starring: Behrouz Bigdeli, Belal Faiz, Rashid Aitouganov, and Bo Asdal Andersen
REVIEWER: lyall carter
On the verge of marriage Amin is compelled to reveal his hidden past for the first time.
As a film buff this is one of my favorite times of year. Many smaller, low budget films get their day in the sun as they bring untold stories from around the world to the silver screen. Garnered in award festival glory and making Oscar history in its nominations, Flee is a film you’ve just got to see. A work of cinematic art, Flee is hauntingly beautiful, bringing humanity to the European refugee crisis and all of its complexities.
As a child, Amin Nawabi and his family are forced to abandon their home in Afghanistan while the Soviet-Afghan War rages through the mid-80s. Decades later, he is settled in Copenhagen, living openly as a gay man and on the verge of wedding his partner. Just as he readies himself for marital bliss, Amin must, for the first time, confront the truth about his escape from Afghanistan and the loss of his family.
Flee is a work of narrative art. Director Jonas Poher Rasmussen deftly uses a combination of animation supplemented with historical news footage to tell this true story. It’s one of the most recent examples of how a director uses every visual device at his disposal in the pursuit of telling their story expertly well.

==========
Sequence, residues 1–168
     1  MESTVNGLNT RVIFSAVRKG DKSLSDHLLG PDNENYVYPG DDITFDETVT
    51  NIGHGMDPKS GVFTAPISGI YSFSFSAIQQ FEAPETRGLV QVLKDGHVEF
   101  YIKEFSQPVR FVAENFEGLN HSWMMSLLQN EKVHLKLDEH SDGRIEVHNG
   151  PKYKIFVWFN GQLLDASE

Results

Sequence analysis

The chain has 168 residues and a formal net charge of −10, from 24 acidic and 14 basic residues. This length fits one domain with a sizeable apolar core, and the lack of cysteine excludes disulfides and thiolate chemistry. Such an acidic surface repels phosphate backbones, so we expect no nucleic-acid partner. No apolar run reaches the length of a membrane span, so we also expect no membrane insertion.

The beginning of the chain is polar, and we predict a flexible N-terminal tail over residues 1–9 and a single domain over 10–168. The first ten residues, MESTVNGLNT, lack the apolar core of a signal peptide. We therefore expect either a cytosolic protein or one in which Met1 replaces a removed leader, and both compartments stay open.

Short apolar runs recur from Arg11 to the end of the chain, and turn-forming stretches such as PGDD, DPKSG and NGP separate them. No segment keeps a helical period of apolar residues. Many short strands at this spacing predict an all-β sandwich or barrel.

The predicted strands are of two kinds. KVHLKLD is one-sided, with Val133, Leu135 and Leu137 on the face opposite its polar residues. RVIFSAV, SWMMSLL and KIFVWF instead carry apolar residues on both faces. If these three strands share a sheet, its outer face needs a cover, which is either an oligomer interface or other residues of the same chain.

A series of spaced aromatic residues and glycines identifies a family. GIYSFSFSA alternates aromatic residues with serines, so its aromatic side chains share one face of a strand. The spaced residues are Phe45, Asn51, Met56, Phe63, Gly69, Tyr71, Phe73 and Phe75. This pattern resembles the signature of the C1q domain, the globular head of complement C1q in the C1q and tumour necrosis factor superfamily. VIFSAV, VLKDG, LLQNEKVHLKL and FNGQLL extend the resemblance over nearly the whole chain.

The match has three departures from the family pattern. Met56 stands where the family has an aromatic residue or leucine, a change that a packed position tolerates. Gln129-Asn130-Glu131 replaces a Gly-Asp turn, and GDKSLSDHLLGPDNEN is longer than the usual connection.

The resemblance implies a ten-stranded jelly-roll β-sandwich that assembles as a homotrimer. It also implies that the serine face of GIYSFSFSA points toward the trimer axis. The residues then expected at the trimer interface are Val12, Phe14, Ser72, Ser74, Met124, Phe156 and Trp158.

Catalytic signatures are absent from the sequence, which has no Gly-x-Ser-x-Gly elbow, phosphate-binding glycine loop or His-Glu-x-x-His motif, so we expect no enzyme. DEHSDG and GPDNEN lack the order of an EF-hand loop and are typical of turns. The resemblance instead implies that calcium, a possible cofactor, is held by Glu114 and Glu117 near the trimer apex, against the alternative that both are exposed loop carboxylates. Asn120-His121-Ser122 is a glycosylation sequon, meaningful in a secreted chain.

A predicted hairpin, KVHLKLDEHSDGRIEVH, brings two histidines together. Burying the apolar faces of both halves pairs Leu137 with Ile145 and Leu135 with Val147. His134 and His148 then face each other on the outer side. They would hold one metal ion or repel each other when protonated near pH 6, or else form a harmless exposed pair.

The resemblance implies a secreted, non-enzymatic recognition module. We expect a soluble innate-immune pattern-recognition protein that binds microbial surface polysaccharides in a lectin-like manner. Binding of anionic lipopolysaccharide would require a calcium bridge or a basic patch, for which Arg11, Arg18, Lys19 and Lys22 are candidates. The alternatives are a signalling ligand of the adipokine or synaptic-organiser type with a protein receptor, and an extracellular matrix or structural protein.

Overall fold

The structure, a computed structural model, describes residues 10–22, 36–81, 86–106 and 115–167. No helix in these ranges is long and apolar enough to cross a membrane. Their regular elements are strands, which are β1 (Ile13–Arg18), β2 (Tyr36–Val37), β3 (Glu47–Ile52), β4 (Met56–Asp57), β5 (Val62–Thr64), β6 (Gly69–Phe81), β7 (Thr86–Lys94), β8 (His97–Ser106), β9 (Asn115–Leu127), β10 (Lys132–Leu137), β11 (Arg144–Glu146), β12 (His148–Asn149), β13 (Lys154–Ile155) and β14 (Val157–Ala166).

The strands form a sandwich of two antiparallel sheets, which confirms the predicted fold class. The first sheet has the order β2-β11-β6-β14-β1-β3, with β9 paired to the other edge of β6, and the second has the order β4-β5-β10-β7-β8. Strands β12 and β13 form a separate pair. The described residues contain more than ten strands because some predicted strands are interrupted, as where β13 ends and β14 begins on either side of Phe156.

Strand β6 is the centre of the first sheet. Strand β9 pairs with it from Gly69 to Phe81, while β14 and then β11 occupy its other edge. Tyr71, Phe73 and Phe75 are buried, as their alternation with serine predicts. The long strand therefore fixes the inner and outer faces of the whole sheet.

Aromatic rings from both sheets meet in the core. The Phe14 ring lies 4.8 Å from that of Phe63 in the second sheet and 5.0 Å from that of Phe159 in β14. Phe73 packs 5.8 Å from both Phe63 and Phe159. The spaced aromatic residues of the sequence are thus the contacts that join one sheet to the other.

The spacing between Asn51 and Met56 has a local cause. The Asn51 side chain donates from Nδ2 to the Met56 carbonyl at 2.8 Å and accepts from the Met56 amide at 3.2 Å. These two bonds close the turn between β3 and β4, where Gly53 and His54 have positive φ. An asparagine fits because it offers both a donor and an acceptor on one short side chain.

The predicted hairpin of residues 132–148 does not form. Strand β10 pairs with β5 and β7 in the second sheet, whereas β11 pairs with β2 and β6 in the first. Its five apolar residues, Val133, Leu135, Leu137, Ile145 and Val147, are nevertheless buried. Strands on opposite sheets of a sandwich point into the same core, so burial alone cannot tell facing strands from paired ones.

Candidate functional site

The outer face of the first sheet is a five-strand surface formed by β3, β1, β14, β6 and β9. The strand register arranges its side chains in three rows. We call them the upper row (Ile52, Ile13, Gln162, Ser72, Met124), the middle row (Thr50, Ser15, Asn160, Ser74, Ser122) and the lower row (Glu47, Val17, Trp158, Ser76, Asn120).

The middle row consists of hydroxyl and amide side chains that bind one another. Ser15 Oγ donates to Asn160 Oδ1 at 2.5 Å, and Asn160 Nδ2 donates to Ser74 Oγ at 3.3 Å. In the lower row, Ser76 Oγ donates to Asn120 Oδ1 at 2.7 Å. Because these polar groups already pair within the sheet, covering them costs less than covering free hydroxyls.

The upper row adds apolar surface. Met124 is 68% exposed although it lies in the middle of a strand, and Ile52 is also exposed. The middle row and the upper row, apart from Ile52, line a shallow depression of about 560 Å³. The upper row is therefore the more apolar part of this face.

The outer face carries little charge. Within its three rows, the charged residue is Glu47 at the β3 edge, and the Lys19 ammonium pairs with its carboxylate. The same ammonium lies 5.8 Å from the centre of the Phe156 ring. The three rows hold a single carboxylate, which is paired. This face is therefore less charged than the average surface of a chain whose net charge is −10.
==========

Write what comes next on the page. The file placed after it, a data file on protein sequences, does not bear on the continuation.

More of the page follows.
From the hand drawn scrawls to communicate displacement as Nawabi and his family flee to the darkened, inky, blackness of a heart stopping forest border crossing, you leave Flee having visually experienced the story in ways like never before.
But Flee isn’t just a story of the plight of refugees, but a beautifully tender tale of Nawabi discovering his queer identity. At times it’s subtly comedic, almost like a rom-com, which just adds to the wide eyed innocence and humanity of the story.
A work of cinematic art, Flee is hauntingly beautiful, bringing humanity to the European refugee crisis and all of its complexities.